It’s almost a case of take your pick – choose a disastrous policy and you can be sure that most economists backed it. In a poll in 1979, 65 per cent of economists said joining the euro would have been in the UK’s interest; that number rose to 73 per cent of among those specialising in the economics of the EU and of monetary union. Then they all missed the financial crisis, and they missed the recovery.


      More recently, the economic consensus (as against a few brilliant exceptions) also failed to predict everything from the collapse of inflation, the UK jobs boom to the productivity slowdown, not forgetting that many saw a non-existent double or even triple dip recession coming a few years ago.


      A month or two ago, the consensus was predicting immediate Armageddon, a Lehman-style freezing of markets, and in many cases a recession or numerous negative quarters of growth if we voted Brexit. It’s a woeful, abysmal record, one for which the very concept of “rewards for failure” was invented.


      So yes, Romer is right – and if anything, he doesn’t go far enough. So those seeking out alpha – when it comes to Brexit or anything else – need to tread carefully. They must weigh up the evidence, the claims and counter-claims on all issues. But the fact that 90pc of economic forecasters agree with something should be no more relevant than the latest phase of the moon.
      Hope @5ways gets to read this article, especially the last sentence. If I told him once ....

      Economists should steer well clear of forecasting and stick to what they're good at .. (?)
    • #8
      Members Hamilton's Avatar
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      I've avoided the post Brexit debate to date because I despair.

      All I will say is that nothing has actually happened yet. We are in the phoney war period. When Article 50 is triggered and negotiations start, that is when we will see what changes occur.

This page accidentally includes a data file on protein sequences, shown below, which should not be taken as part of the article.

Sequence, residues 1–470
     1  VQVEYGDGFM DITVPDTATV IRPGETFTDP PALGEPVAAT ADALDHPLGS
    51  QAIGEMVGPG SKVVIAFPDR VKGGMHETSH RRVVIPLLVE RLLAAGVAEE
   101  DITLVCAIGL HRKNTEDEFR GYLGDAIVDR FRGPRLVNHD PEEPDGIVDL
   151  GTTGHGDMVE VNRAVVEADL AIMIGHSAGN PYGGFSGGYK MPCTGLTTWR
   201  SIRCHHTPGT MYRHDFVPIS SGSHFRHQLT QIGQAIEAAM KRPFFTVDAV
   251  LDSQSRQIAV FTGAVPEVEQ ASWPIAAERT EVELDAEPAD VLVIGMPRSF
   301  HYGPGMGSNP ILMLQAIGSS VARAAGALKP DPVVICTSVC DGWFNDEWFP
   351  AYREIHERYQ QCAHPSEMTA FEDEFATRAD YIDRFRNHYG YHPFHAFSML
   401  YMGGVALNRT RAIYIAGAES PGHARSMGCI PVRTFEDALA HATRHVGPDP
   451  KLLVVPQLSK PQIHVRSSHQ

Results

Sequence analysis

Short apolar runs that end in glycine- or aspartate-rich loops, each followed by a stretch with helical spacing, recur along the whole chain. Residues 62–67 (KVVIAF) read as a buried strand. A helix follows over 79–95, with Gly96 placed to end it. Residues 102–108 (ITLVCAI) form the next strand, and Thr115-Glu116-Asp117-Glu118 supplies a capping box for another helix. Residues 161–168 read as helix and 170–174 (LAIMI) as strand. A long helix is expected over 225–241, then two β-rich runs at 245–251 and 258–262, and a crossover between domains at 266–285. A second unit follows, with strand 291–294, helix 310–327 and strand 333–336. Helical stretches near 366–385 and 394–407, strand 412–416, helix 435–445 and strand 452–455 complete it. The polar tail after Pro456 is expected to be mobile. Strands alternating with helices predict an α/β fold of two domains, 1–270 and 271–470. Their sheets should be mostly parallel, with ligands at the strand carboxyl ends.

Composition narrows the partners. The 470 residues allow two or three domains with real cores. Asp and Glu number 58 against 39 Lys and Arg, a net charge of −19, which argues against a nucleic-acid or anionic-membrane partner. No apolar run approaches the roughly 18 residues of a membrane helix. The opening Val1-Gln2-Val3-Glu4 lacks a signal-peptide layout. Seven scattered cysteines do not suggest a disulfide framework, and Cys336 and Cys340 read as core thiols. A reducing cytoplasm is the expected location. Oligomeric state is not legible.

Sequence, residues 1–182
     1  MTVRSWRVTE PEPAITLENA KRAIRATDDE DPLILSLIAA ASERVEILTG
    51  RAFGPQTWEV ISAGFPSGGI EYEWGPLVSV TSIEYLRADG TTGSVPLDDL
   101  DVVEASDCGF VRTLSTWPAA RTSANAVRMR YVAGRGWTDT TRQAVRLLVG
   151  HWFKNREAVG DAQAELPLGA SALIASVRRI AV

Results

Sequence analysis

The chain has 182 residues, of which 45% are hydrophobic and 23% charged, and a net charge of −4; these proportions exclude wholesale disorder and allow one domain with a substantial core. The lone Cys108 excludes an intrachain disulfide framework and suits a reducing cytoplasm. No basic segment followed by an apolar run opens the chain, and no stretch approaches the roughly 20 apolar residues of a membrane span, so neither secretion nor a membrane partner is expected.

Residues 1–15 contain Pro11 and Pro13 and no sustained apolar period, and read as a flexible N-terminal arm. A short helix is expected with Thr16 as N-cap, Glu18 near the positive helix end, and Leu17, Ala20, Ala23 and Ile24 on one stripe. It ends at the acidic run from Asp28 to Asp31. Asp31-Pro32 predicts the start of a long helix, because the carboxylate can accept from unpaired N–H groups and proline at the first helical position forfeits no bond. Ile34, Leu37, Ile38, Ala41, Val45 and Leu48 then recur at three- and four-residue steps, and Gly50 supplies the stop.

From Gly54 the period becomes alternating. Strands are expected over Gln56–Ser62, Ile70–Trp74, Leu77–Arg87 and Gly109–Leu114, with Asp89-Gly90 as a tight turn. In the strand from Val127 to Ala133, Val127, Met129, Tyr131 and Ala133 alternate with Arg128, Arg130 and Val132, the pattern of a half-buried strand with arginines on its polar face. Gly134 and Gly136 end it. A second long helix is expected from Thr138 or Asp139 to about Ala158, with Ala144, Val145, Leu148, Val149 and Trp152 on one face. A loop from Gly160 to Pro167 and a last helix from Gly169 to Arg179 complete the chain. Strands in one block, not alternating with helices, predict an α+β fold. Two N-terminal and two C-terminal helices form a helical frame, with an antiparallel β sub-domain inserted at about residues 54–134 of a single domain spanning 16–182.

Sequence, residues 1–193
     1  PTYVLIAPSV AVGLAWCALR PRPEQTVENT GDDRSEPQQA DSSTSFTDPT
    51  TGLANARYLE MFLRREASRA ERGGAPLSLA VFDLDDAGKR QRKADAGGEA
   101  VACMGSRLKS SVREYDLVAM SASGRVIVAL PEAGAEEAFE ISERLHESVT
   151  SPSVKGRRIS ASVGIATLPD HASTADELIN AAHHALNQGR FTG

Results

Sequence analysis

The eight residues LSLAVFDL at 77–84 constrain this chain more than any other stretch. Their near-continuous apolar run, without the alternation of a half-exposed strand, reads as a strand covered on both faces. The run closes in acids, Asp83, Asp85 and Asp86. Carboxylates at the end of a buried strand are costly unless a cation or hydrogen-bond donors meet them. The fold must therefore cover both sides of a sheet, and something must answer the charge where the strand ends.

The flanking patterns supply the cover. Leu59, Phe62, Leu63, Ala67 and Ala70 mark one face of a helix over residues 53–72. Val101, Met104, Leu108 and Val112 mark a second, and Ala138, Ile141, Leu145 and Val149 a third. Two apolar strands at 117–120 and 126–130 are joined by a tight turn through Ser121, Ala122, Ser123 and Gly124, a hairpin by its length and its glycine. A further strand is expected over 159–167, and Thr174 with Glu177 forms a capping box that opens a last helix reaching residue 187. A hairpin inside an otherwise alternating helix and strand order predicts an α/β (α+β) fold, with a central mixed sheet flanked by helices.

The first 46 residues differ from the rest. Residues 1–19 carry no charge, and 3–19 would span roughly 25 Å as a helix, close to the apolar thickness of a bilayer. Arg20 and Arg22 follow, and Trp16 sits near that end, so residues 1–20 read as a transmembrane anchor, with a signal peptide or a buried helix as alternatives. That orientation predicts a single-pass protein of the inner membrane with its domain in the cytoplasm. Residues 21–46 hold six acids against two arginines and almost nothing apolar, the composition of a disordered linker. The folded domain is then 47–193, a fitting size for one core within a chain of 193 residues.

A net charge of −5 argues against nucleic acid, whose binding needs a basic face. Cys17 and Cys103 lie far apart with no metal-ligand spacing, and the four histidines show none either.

Sent from my iPhone in a non-Calde world :-(
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    • #9
      Bringer of TRUTH JC Footy Genius's Avatar
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      Quote Originally Posted by Hamilton View Post
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      I've avoided the post Brexit debate to date because I despair.

      All I will say is that nothing has actually happened yet. We are in the phoney war period. When Article 50 is triggered and negotiations start, that is when we will see what changes occur.


      Sent from my iPhone in a non-Calde world :-(
      Not quite true .. we voted to leave the EU, the PM resigned and the new PM clearly stated on numerous occasions we are going to leave after placing key Brexiteers in major Cabinet positions. Numerous organisations/economists predicted dire short term consequences including recession. The treasury, OECD, Credit Suisse, Morgan Stanley to name but a few have already rapidly rowed back on their forecasts no long predicting immediate doom and upgrading growth forecasts for 2016/17.

      But I'm sure their long term forecasts will be more accurate .....
    • #10
      Members Hamilton's Avatar
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      Quote Originally Posted by JC Footy Genius View Post
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      Not quite true .. we voted to leave the EU, the PM resigned and the new PM clearly stated on numerous occasions we are going to leave after placing key Brexiteers in major Cabinet positions. Numerous organisations/economists predicted dire short term consequences including recession. The treasury, OECD, Credit Suisse, Morgan Stanley to name but a few have already rapidly rowed back on their forecasts no long predicting immediate doom and upgrading growth forecasts for 2016/17.

      But I'm sure their long term forecasts will be more accurate .....
      As I say. Nothing has actually happened yet as the exit process has yet to begin. Those terms will be essential in determining what the impact is on the economy.


      Sent from my iPhone in a non-Calde world :-(
      Either that wallpaper goes or I do